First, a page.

Are the renderings original working plans that pre-date a building's construction? Architectural renderings have the most value when they are the original drawings made for the purposes of a building's construction. Conceptual drawings made for the person or persons responsible for a building's construction also have premium value, especially when they were used as the basis for the building. Decorative drawings made by the architect after a building is completed still have value, but not as much as original working or conceptual drawings. Drawings done by a third party not related to a building's original architect or construction may still have value, but those values depend on the quality of the drawings and the reputation of the artist or architect who made them, and not on the building or the architect.
Is the building no longer in existence? Renderings of buildings that are no longer in existence can have premium value, especially when they are among the only extant drawings of that building known. Researching to see whether any other drawings or renderings of that building exist in libraries or historical societies, for example, is definitely recommended. The less you find, the more your drawings are worth.
Was the building ever built? Comparatively speaking, drawings for buildings that were never built are worth less than ones for buildings that were. Reasons for this price differential usually have to do with beliefs that if a building was never built, there was some problem or drawback to the design, or perhaps that another design was chosen instead. Exceptions do exist however, such as when the drawings were done for important architectural exhibitions, if the styles of the buildings are highly conceptual and advanced for their times or if some notable controversy prevented the building from ever getting built.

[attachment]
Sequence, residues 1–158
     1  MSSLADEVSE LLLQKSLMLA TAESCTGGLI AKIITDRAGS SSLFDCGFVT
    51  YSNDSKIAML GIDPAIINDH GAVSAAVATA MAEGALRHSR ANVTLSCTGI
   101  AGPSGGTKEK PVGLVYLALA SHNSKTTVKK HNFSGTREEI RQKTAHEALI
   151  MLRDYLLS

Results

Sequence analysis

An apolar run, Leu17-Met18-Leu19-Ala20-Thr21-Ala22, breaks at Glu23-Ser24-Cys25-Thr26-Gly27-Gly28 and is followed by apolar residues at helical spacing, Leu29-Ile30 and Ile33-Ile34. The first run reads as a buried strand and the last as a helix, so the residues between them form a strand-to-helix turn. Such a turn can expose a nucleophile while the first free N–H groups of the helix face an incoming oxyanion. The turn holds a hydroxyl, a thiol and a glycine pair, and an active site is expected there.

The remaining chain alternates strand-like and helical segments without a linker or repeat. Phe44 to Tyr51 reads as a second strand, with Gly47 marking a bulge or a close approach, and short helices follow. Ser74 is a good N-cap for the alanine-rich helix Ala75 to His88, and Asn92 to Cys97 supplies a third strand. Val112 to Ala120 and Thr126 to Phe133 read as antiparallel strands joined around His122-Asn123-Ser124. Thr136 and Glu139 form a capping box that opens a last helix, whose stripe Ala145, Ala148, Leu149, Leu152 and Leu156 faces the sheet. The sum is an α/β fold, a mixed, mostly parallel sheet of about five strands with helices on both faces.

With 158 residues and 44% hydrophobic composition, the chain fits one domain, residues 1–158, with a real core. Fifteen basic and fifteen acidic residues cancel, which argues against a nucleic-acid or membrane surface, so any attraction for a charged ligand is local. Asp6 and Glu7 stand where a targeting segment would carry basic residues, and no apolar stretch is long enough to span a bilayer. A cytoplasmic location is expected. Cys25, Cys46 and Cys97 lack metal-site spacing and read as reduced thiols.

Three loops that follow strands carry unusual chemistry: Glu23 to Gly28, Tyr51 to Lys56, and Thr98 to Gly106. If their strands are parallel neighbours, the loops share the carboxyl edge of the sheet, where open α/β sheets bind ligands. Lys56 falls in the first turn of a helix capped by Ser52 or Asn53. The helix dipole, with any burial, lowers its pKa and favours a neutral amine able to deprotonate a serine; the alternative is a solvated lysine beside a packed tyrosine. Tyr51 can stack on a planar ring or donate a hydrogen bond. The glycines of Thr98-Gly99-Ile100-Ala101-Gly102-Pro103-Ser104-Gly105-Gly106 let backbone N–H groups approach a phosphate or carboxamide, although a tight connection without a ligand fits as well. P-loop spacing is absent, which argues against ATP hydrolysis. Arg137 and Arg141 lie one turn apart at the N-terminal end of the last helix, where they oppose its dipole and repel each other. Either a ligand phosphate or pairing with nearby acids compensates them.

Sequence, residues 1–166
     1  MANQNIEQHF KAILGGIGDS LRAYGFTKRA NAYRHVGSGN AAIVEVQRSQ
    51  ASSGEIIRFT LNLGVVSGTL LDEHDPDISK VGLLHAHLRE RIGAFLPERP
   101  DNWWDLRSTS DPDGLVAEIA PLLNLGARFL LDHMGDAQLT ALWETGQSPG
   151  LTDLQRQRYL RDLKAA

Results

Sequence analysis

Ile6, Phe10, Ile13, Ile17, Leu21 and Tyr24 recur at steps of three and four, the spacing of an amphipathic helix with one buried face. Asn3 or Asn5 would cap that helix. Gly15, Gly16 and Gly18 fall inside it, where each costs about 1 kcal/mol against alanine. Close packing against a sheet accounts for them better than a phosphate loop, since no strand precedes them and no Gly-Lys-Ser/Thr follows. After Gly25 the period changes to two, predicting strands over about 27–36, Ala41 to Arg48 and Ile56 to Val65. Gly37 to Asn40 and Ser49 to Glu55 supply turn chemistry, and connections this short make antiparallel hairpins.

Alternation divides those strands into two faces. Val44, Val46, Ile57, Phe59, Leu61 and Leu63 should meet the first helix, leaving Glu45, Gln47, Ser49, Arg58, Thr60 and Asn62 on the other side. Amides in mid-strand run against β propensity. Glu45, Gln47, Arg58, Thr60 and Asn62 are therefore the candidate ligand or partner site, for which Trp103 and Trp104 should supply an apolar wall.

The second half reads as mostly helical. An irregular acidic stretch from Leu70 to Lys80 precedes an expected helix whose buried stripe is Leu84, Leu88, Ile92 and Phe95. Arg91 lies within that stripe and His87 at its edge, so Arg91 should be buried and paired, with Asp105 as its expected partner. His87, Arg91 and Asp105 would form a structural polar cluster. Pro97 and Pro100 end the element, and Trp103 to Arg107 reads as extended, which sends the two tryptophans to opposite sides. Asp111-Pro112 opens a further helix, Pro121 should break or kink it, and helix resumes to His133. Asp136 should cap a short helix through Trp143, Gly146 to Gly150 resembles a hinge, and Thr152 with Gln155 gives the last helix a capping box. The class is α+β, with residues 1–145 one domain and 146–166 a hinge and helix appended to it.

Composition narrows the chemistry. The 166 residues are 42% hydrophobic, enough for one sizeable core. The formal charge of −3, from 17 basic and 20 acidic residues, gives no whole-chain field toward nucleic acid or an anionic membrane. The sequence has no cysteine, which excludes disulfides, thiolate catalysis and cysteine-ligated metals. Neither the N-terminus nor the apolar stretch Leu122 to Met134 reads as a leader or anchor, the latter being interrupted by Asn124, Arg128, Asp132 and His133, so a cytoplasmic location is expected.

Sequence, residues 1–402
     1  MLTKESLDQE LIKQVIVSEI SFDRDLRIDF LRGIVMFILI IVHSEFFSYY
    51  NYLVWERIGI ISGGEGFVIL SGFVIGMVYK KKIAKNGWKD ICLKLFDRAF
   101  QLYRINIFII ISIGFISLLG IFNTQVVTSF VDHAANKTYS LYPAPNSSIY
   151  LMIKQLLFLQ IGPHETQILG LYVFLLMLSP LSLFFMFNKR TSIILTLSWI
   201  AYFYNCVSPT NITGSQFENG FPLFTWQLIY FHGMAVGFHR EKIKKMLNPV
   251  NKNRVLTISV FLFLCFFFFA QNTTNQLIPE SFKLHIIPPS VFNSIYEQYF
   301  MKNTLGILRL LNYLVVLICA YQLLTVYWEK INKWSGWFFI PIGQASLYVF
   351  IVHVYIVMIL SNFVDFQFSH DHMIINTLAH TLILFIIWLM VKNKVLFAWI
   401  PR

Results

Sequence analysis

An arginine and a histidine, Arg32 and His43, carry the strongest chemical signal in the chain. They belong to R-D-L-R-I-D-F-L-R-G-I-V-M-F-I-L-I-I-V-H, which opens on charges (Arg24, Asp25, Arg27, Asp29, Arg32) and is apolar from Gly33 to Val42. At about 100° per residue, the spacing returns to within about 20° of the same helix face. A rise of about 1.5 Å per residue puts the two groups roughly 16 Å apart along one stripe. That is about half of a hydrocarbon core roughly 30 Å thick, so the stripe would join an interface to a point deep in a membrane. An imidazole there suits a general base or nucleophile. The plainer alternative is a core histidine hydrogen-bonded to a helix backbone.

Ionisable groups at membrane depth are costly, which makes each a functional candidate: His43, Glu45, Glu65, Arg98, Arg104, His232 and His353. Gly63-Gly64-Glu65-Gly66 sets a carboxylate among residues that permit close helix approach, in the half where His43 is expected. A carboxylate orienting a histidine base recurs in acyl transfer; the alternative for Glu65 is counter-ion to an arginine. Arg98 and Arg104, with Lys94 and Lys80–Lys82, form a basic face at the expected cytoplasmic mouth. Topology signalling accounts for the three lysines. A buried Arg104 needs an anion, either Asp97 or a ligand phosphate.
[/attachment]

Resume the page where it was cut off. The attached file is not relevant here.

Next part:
Is the style of architecture shown in a rendering important or historically significant? The better a drawing illustrates a specific and significant style of architecture, the more it tends to be worth. The earlier the drawing dates from in terms of the evolution of that style, the more value it tends to have. For example, an Art Deco building exterior drawn by an architect in the early 1920s would have more value than one done in 1942 after that style had already peaked in popularity and was no longer considered to be cutting-edge or the height of fashion. In general, the more generic, ordinary, unidentifiable, or derivative a drawing is in terms of its style, the less it tends to be worth.
You can see that your drawings more than satisfy a number of the above criteria and that they certainly have value to local and regional collectors. How much significance the drawings have on a national or international level depends on how influential and well-known the architect was outside of your local area and how significant the building's design was in terms of the evolution of architectural style. In order to make an accurate determination of value, hiring a professional art appraiser with experience in appraising architectural drawings, renderings and related works of art would be highly recommended.